Actress Lori Loughlin and her fashion designer husband agreed to plead guilty to charges connected to their roles in a massive college admission scandal that rocked higher education, prosecutors said Thursday.
In a deal struck with federal prosecutors in Boston, the "Full House" actress and husband Mossimo Giannulli agreed to serve time in prison for allegedly passing off their daughters as elite athletes and securing their admission to the University of Southern California, federal prosecutors in Boston said.
Loughlin has agreed to plead guilty to one count of conspiracy to commit wire and mail fraud, and Giannulli is now expected to plead guilty to one count of conspiracy to commit wire and mail fraud and honest services wire and mail fraud, authorities said.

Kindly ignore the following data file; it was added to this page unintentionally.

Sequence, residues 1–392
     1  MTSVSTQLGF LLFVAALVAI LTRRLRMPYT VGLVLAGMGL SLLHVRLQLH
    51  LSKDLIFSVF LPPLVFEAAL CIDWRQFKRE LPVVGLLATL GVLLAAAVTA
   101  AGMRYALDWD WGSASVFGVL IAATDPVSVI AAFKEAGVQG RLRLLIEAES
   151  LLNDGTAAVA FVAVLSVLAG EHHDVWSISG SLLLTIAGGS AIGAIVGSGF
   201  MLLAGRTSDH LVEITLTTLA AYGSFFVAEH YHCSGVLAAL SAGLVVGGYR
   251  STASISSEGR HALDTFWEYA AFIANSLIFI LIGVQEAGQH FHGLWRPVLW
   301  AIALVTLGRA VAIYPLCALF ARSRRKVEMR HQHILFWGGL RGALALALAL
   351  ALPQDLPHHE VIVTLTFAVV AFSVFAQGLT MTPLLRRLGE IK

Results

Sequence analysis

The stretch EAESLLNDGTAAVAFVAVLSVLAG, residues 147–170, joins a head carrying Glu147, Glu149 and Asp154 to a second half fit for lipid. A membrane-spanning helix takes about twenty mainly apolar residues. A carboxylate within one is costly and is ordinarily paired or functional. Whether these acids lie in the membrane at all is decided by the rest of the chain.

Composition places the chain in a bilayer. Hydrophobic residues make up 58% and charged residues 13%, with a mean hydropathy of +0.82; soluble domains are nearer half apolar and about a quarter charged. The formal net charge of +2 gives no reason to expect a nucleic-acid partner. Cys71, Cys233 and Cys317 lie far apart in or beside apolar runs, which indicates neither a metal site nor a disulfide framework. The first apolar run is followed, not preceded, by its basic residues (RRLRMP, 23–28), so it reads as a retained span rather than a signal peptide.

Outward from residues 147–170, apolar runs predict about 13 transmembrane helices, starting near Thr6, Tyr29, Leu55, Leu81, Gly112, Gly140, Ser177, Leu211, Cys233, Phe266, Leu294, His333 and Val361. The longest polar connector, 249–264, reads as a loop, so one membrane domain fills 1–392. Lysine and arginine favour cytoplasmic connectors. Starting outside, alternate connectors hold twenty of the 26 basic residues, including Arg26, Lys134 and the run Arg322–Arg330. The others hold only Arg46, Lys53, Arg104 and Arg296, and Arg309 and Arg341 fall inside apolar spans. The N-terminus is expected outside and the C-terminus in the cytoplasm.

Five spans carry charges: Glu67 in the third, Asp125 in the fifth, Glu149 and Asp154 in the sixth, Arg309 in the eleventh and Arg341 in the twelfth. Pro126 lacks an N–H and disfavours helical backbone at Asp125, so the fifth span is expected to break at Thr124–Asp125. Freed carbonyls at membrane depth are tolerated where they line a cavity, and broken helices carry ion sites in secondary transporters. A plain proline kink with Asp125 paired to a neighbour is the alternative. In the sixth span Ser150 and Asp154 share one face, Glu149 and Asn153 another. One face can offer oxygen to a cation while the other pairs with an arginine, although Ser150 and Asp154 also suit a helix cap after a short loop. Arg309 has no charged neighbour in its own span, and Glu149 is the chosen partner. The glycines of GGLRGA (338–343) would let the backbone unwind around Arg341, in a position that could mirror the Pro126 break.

If a federal judge signs off on the deals, Loughlin will spend two months in prison, pay a $150,000 fine, be subjected to two years of supervised release and perform 100 hours of community service, prosecutors said.
In Giannulli’s plea agreement, he agreed to five months in prison, a $250,000 fine, two years of supervised release and 250 hours of community service.
“Under the plea agreements filed today, these defendants will serve prison terms reflecting their respective roles in a conspiracy to corrupt the college admissions process and which are consistent with prior sentences in this case," U.S. Attorney Andrew Lelling said in a statement.
"We will continue to pursue accountability for undermining the integrity of college admissions."
Loughlin, 55, and Giannulli, 56, both live in Los Angeles and their next court date was not immediately set.